Alex Rossi (19, USA)
Q: How did you cope with the driving challenges today?Philip Eng (PE)
: This morning we worked on consistency and being able to set lap times within half a second of each other. It really showed that you have to know what you are doing out there. Maybe this was a little bit easier for the race drivers than for the rally drivers. Racing drivers are used to hitting the apex of corners in the same place and at the same speed and we have reference and braking points in each corner, but rally drivers usually have more than 12 or 13 corners in each stage! I think I managed okay, but it was not easy.
Timmy Hansen (TH): I was really happy with the driving this morning. I have been driving cars for a long time, but this morning I learned some new things. Some of the things we already know a little bit, but this helps to refine it – like finding the consistency this morning. I bought a Volvo this winter for €150 – a big Volvo 740 a really old thing – and I went out and did some drifting and just driving in the snow and ice to learn more about car control. It really helped me for today’s tests.
Alex Rossi (AR): We had to repeat our lap time three times in a row this morning. You really had to feel the car and feel the speed in the corner to be able to do this by yourself. Normally, you have timing beacons and split times and team personnel communicating lap times to you and we had nothing in the car, so it was quite a challenge. We had six laps to learn the track, it was crucial to know where you were before you did the three timed laps.
Q: What’s the biggest lesson you have learned so far from this selection event?
: The fitness test yesterday was very interesting. I had never done the beep test before, it was very hard – it showed me I have to work on my fitness and endurance.TH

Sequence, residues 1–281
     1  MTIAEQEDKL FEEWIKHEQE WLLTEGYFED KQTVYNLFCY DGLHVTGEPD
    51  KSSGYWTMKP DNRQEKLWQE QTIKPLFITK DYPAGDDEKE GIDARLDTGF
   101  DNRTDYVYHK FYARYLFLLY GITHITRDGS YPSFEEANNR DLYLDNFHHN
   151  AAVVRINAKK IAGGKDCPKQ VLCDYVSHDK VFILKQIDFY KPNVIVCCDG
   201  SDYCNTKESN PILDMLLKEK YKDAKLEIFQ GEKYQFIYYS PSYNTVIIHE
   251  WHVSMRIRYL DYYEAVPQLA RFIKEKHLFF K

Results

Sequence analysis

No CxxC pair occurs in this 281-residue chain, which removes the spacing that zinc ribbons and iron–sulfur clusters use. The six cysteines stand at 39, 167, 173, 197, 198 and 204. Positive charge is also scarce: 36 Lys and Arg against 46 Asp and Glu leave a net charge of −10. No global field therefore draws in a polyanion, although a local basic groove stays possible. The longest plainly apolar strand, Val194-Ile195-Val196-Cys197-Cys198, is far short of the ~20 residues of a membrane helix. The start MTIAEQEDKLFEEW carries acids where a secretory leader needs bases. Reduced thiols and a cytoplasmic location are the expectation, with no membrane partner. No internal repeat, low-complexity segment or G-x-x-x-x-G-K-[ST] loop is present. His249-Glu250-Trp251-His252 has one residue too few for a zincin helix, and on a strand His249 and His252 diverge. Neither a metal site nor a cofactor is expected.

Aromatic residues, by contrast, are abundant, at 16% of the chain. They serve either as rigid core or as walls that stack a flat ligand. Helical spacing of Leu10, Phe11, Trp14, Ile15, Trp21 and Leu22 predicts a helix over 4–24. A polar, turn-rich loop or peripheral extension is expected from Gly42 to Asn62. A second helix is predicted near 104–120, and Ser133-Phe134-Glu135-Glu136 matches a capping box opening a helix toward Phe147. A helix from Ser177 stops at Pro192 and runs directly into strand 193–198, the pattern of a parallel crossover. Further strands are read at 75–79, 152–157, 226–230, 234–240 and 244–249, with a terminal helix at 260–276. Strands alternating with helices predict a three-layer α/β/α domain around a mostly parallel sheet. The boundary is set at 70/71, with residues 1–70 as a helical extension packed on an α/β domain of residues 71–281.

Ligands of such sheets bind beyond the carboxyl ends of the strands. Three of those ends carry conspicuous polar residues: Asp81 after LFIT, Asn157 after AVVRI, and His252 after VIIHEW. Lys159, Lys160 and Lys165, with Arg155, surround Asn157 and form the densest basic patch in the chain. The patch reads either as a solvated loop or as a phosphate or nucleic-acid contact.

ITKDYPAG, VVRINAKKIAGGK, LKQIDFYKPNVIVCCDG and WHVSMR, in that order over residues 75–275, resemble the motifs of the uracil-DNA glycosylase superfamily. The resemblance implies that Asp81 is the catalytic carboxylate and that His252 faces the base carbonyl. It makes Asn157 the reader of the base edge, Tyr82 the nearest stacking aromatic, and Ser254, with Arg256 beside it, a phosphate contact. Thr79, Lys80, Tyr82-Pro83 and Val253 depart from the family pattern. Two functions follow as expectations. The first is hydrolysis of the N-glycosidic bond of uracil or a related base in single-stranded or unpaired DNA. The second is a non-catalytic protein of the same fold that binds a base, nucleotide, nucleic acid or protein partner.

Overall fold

: Wow, I’ve learnt a lot. Just before talking to you, in the mental practice [psychological analysis] for example I learned I’m quite a digital person in the way I learn things. Also, every second you sit behind the steering wheel of a car, you learn all of the time.
AR: Motor sport is not just about learning to drive fast. There’s a whole package around it and I understand that more from my time in the FIA Institute Academy. To make F1, you have to have all of the boxes ticked.
Q: If you were offered one of the 10 places on the FIA Institute Young Driver Excellence Academy, what would that mean for your career?PE
: It would be very important for me and for any of the drivers. As well as being important for the career, it would also be a great honour to be selected by the FIA Institute to drive for them. From a road safety aspect, it would also be a very good opportunity to take this message home. We race drivers are the idol for the normal road car driver and we have a responsibility to show how to drive safely off the circuit.
TH: A lot. It would be a big thing for me. It would help me to learn a great deal about myself and my driving. As well as that, it’s a very good thing to be able to say to sponsors, this is an important issue.
AR: Being able to participate in the Academy would give you the support to become a well-rounded driver and to go to potential sponsors and potential investors and say you have the credibility of being an FIA Institute chosen driver and with the stature of the FIA Institute being what it is, that’s quite a good thing to have on your resumé.